October 15, 2009 |
A year after it looked like Sumner Redstone's media empire might collapse under a mountain of debt, the 86-year-old mogul found a way to keep his grip on Viacom Inc., CBS Corp. and other prized assets. On Wednesday, Redstone's privately held National Amusements Inc., the controlling shareholder of Viacom and CBS, said it would sell nearly $1 billion in stock in those companies to help retire $1.46 billion in debt. Redstone plans to sell all of his nonvoting shares in the two entertainment giants -- which could yield as much as $600 million from Viacom and as much as $345 million from CBS. The proceeds would allow Redstone to more than cover a $500-million debt payment due this month.
June 12, 2008 |
Petty Enterprises, the venerable NASCAR team led by Richard Petty, sold control of the family business Wednesday to investment firm Boston Ventures. Once one of stock car racing's most powerful teams with "The King" himself at the wheel, Petty Enterprises fell into mediocrity during the last two decades and hasn't won a race since 1999. "The time has come for Petty Enterprises to take the steps necessary to get back to victory lane," Petty, 70, said in a statement.
July 23, 2003 |
Activision Inc., the nation's second-largest video game publisher, posted lower quarterly sales and profit Tuesday but still beat expectations as the company pursued a new strategy of developing fewer but bigger titles. Sales fell 17% to $158.7 million in its fiscal first quarter. Spring is typically the industry's slowest period. Net income dropped nearly 80% to $4.2 million, or 4 cents a share. Activision earned $20.
May 12, 2009 |
Jerry Bruckheimer, the producer of action films and television shows such as "Top Gun," "Black Hawk Down" and "C.S.I," now thinks video games are where the action is. Bruckheimer is the latest Hollywood kingpin to dive into the $50-billion-and-growing global game industry.
December 6, 2002 |
Blasting its way into the mainstream, the video game industry is defying predictions of slack consumer spending and appears on track to hit record sales this year of $12 billion. Supported by a growing base of consoles in U.S. homes, game software sales grew by more than 20% over the Thanksgiving weekend compared with the same period last year, according to the Interactive Entertainment Merchants Assn.
November 27, 2008 |
Media mogul Sumner Redstone has proposed selling part of his family holding company's movie theater circuit to pare down its debt, according to people close to the situation. A restructuring plan submitted to bankers this week by Redstone's private holding company, National Amusements Inc., also proposed shedding stakes in the video game company Midway Games Inc. and slot machine maker WMS Industries Inc.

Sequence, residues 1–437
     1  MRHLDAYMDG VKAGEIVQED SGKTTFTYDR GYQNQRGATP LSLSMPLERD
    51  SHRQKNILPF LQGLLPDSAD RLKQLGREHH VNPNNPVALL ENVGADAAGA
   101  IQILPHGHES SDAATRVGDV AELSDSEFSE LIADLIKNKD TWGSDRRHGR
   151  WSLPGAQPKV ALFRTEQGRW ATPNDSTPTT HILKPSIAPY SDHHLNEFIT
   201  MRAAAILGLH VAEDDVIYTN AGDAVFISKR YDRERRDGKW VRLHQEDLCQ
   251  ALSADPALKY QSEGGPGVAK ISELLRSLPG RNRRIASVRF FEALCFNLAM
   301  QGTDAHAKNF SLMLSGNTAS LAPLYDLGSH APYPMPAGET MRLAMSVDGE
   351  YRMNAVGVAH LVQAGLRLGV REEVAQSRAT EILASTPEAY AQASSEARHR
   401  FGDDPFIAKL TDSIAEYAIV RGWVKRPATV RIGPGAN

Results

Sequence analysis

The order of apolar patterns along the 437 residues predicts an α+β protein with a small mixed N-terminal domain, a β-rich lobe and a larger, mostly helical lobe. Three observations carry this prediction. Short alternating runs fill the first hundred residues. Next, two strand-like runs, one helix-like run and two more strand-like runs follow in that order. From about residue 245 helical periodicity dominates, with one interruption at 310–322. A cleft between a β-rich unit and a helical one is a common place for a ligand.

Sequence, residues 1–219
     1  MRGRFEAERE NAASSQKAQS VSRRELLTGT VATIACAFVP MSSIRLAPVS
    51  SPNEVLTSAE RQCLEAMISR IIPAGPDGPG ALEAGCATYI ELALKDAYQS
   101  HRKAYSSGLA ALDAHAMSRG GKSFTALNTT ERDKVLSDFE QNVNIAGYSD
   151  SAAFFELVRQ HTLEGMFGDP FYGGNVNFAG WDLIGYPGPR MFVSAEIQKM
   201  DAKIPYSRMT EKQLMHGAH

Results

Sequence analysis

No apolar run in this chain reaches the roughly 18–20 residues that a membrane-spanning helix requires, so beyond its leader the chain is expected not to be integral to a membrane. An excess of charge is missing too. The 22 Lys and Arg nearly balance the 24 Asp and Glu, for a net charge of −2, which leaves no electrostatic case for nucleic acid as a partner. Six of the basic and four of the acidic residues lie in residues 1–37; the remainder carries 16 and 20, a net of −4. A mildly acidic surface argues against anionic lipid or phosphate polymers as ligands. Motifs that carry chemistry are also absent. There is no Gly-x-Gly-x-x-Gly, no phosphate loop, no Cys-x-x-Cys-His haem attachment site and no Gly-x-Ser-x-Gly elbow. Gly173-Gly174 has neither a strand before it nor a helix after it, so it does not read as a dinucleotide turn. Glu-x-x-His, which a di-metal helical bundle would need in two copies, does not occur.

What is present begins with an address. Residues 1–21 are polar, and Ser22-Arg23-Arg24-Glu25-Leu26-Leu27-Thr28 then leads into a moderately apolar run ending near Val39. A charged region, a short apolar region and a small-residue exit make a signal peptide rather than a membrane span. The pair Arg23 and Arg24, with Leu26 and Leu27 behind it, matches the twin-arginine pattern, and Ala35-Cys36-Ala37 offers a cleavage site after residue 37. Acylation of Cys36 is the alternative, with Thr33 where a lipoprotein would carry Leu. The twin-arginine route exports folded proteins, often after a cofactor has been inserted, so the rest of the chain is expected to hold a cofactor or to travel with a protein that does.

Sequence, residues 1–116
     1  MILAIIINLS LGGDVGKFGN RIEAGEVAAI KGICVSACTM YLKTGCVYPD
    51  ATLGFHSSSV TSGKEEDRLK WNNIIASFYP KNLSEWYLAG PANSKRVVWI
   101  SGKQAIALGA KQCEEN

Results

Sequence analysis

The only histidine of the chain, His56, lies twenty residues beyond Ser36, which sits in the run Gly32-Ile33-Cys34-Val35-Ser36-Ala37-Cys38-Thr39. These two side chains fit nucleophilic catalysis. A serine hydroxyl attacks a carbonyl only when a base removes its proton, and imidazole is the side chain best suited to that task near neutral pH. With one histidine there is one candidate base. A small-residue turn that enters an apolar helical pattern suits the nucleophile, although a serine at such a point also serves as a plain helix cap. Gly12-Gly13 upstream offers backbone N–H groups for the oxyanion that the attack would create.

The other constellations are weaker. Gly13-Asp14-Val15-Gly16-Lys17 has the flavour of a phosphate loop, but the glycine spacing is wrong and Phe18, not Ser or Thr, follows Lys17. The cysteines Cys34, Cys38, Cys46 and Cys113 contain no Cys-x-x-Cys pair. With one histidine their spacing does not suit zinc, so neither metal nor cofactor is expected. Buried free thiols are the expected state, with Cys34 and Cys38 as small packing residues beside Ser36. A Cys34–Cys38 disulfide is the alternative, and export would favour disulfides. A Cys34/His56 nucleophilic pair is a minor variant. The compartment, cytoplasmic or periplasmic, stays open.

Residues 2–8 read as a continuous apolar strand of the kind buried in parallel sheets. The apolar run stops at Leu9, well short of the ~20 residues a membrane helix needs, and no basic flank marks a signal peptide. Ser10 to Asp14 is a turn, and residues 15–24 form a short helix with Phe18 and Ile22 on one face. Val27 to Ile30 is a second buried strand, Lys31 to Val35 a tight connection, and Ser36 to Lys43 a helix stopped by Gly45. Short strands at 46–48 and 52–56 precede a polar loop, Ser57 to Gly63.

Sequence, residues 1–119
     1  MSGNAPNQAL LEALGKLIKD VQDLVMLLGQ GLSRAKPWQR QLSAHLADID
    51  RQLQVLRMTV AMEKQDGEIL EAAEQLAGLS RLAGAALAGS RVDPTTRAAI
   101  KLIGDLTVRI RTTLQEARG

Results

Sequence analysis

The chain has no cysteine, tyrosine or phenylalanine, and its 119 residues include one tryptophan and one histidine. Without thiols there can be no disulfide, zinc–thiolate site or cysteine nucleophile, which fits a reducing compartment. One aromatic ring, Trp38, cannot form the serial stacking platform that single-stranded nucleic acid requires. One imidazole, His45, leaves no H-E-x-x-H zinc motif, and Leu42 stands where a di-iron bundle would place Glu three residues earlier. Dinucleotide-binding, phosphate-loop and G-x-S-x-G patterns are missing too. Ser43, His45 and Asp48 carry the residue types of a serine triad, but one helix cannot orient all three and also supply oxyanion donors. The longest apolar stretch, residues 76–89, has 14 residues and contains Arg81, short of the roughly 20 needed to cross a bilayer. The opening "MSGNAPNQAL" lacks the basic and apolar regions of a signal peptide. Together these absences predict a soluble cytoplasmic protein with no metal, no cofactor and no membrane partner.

April 18, 2009 |
Although Viacom Inc.'s stock took a beating in 2008, losing more than half its value, the media conglomerate's chairman, Sumner Redstone, and its chief executive, Philippe Dauman, earned pay raises for the year. Redstone was awarded a total compensation package valued at $12.1 million. Viacom said that given the decline in value of his stock options, Redstone's actual take-home pay was $6.3 million. In 2007, the chairman took home $8.3 million.
May 12, 2003 |
The next "shock and awe" campaign may be advertisements for hot sauce, pesticides, video games or even condoms. The phrase that described bombing attacks on Baghdad is listed in 28 applications with the U.S. Patent and Trademark Office for use in marketing a variety of products. The first application, for fireworks, was filed March 20, the day U.S. bombs started raining on the Iraqi capital.
May 14, 2009 |
Creditors of Midway Games Inc. are suing the Chicago company's board members and former majority owner Sumner Redstone, alleging that his sale of Midway was a "fraudulent transfer" that benefited the media mogul while pushing Midway into bankruptcy. The suit, filed Monday in federal Bankruptcy Court in Delaware, alleges that Redstone sold his 87% stake to investor Mark E. Thomas for a mere $100,000 so Redstone could register $700 million in tax losses and collect a "massive tax refund."
March 28, 2009 |
Since landing his first job in the video game industry in 1992 as a salesman at Capcom Co., Justin Berenbaum never wanted for work -- until this month. The 39-year-old from Woodland Hills was laid off from his job as vice president of business development at EmSense Corp., a San Francisco game design consulting firm. A few days later, he was roaming the halls of the Game Developers Conference in San Francisco, browsing the career pavilion and hitting up former colleagues for leads.